Soulful tenor Adam Joseph has the vocal grace of a hummingbird. He's also a songwriter, music producer, recording engineer and DJ. Originally from Cincinnati, he studied at the Berklee School of Music before breaking into the New York scene in 2004 -- now he performs and DJs regularly at NYC hotspots, including his Saturday night residency at Chelsea bar XES.

So, you are a multi-talented musician, do you work for yourself?
Yes, my production company is Elegant Children Productions, while my record label, Jah Records released my first album, and the Faggotty Attention maxi-single. I've been singing since I was a kid, I went to a performing arts high school, studied classical voice for eight years, but I always loved to sing R & B, and Jazz, so for that I'm more self-taught.

"Faggotty Attention" -- this song came out two years ago and caused quite a stir! It was a departure for you, right?
That was the first clubby type of music that I'd ever done -- my previous stuff was all R&B; or neo soul. It was my first really gay-oriented track. I've also made videos from my singles "Flow With My Soul" and "You're Mine," co-directed by Aaron Cobbett and George Lyter.

And then you found an audience?
It was a shocker type song, people could go on YouTube and laugh at it. It was Jonny McGovern's idea, originally -- he was joking that I should do a song about seducing a straight boy and give him my "faggotty attention."

You seem so sweet and unassuming, but one of your lyrics is "you ain't ever had it this tight."
It's not that shocking to me, if you listen to any pop song a girl sings, they're so suggestive -- as soon as a guy starts singing about another guy, it becomes a big deal. Some people take it super seriously -- I was just trying to joke around have a good time.

What are you working on now?
Well, I'm featured soloing on Bob Sinclar's new record BORN IN '69, which will be released May 11. We did a remake of "The Way I Feel," a disco song by Adrian Gurvitz. It was very chill to work with him, and he gave me very little direction and just told me to sing it. Personally, I'm working on a video for a cover of Kool N the Gang's "Fresh," and also recording my next album.

How did you end up in the scene to begin with?
I met Tony Juliano, who owns XES, during the time when I was just trying to make rent and working in a restaurant. He gave me my own show every Tuesday -- he had the budget for a residency with a live band and we would play a two-hour set, which was unheard of. That's how I started getting in the fag rags…

So how did you get into DJing?
I lost my full time music-publishing gig at Major Bob almost two years ago, so it pushed me to do more performances and eventually DJ. It's a good way to make money, but also get out there and be out with the new music. I see what people are responding to and it makes me a better producer.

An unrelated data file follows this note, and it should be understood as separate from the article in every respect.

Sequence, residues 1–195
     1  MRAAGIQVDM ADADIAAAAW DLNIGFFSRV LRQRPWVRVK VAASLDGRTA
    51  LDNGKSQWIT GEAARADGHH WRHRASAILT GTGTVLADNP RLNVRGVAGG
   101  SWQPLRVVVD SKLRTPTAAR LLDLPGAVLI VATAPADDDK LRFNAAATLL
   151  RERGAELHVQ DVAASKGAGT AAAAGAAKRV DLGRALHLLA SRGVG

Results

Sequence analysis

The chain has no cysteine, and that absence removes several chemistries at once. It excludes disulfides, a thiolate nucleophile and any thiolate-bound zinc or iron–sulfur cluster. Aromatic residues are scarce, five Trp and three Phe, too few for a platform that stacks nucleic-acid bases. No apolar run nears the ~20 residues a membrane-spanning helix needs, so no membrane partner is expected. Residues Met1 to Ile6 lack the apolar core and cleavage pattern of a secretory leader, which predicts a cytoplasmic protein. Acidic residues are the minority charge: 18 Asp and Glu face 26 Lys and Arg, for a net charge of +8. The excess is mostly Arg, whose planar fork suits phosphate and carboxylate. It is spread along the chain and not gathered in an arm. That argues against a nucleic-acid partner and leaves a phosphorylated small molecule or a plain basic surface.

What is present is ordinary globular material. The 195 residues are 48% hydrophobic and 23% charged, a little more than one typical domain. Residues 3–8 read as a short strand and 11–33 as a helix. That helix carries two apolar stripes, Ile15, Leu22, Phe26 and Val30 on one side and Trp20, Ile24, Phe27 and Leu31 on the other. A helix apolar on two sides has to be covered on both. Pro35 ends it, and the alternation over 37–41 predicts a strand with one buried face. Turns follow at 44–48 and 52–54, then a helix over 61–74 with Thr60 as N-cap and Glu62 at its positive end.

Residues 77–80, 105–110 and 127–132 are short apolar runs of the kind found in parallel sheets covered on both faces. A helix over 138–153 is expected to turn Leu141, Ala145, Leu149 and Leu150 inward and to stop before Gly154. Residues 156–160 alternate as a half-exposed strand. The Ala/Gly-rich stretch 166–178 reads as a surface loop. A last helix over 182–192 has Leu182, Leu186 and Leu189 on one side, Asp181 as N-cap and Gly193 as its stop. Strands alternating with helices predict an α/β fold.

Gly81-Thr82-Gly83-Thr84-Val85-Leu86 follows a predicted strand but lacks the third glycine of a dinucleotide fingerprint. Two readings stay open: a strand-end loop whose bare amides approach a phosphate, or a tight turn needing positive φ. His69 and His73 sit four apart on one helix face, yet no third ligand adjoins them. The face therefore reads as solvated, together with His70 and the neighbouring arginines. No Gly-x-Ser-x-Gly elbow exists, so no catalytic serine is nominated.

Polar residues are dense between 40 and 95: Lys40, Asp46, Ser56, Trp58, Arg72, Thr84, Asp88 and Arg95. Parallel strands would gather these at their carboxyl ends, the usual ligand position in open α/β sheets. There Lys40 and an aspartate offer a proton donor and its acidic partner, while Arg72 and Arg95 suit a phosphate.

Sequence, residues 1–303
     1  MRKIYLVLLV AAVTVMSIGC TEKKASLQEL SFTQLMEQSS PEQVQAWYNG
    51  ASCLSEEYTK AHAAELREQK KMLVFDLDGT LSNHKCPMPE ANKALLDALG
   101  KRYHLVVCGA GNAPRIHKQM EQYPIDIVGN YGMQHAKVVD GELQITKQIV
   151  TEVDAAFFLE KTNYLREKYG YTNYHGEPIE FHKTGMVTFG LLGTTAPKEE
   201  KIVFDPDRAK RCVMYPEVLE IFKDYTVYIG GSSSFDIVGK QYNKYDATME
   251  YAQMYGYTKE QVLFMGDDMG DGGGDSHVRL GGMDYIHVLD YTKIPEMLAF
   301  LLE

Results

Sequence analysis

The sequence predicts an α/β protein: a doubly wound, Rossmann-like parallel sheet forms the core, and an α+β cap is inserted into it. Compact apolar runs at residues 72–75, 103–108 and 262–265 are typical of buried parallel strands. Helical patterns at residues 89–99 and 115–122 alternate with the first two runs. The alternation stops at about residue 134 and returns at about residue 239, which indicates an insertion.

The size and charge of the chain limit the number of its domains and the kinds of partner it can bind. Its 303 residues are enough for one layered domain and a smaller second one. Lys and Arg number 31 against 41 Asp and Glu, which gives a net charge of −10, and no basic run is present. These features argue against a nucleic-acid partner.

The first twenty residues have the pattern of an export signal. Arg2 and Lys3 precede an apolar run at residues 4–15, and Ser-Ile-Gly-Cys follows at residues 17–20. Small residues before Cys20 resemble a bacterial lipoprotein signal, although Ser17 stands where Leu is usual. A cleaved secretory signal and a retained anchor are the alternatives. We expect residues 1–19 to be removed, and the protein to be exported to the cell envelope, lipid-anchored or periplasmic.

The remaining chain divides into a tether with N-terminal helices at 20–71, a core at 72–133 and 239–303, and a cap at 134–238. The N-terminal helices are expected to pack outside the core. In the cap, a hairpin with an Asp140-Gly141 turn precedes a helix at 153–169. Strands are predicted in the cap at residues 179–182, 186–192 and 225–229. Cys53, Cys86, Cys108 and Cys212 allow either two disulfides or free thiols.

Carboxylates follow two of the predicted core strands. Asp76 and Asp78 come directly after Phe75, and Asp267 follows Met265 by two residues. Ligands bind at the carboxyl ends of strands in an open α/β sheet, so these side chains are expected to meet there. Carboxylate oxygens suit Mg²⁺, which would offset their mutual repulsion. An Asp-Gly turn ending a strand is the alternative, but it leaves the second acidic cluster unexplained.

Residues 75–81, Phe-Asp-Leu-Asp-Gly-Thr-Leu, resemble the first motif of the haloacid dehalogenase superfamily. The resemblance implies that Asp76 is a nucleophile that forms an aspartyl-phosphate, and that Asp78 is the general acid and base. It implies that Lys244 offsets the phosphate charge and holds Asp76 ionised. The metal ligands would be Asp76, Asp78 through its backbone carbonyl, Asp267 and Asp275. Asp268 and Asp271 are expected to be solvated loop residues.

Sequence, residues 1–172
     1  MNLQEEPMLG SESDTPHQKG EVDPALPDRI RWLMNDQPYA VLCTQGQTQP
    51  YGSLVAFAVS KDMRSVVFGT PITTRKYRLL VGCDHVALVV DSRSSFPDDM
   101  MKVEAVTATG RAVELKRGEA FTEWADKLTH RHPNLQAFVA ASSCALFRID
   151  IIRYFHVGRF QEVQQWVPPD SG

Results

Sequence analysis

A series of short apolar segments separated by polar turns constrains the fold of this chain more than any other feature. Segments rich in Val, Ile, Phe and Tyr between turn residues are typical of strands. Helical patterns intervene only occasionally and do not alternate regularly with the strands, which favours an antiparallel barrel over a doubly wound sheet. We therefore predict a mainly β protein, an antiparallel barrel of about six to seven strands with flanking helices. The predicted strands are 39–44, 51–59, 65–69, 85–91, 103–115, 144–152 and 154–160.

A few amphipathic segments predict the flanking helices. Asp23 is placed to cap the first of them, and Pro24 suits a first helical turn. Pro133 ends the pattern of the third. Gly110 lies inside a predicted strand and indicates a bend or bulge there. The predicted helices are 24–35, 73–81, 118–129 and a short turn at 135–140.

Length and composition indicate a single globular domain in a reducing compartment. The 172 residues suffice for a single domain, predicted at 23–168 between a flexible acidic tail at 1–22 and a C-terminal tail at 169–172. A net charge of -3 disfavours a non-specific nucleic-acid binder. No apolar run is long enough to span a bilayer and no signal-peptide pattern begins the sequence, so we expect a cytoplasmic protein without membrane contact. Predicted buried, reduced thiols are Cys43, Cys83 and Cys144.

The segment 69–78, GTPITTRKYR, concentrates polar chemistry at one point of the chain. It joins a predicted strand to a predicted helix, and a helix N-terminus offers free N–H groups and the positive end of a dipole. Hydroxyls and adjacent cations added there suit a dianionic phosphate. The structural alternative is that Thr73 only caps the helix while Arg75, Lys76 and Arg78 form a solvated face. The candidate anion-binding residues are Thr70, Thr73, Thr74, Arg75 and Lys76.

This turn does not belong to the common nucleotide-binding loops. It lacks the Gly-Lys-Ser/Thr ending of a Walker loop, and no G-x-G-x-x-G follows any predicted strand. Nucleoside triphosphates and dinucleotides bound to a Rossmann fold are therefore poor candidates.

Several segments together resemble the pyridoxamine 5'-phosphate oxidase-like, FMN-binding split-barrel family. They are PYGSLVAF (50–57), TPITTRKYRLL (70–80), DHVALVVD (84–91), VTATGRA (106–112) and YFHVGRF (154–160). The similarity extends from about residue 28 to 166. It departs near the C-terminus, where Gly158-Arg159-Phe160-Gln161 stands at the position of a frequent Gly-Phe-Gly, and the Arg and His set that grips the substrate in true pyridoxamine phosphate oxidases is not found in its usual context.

I was involved with nightlife way before DJing, and that's how I was able to start doing it so easily, working with your friends.

And now you're a scenester! Do you feel that way?
I feel like, I mean, yes, I can go to the club and know half the people there and blablahblah… I usually don't pay to get in the club or for drinks -- who wants to do that? I think that it might have to do with the East Village collapsing, there's not the crazy kind of people going out every night of the week. Back when I first got here in 2004, that's when there was a super tight community of people working and living off of nightlife as an industry. It was crazy, but it doesn't seem to be way anymore.

What was the East Village like in the Golden Days of 2004?
I used to just walk down Avenue A, hitting up Opaline, the old Boys Room, The Cock, Starlight, Phoenix… they were all happening at the same time. The sole reason I lived there was so that I could go to the parties and walk home. I prefer Brooklyn now to the city -- to come back to the calm and relaxed neighborhood is good. I'm from Cincinatti, after all.

How did you develop your look? It's vaguely thug-ish but the jeans are tight…
Linda James is the one who gave it a name: Homo-Homeless Teenage Runaway. It's about high tops, and tight jeans, lots of different baseball caps. I like bright colors and comfortable fabrics.

I shop at Daffy's and on the street, finding random shit but with a touch of one really great staple, like good jeans or really cute shoes [he glances down shyly to brand new, deep black Diesel high top sneakers, trimmed with patent leather] -- I try to keep it casual but with urban awareness.

You've produced for Kevin Aviance, who was impressed with your ability to work so efficiently and quickly? Whom else have you impressed with your speed and talents?
Well, I've worked with Jonny McGovern, Peppermint, The Ones, Patty Austin, and I once opened a show for Martha Wash.

As far as production goes, it's about making bold decisions -- there are so many different ways that you can approach a song. You're very vulnerable as a producer, because you throw ideas out there to musicians, who are sometimes very guarded with their enthusiasm for what you do.

What's the best thing about being in the NYC music scene?
I like to -- after working all day -- go out and hear my tracks played in the club and see people react to it. It's become more and more of a regular thing and that's really cool.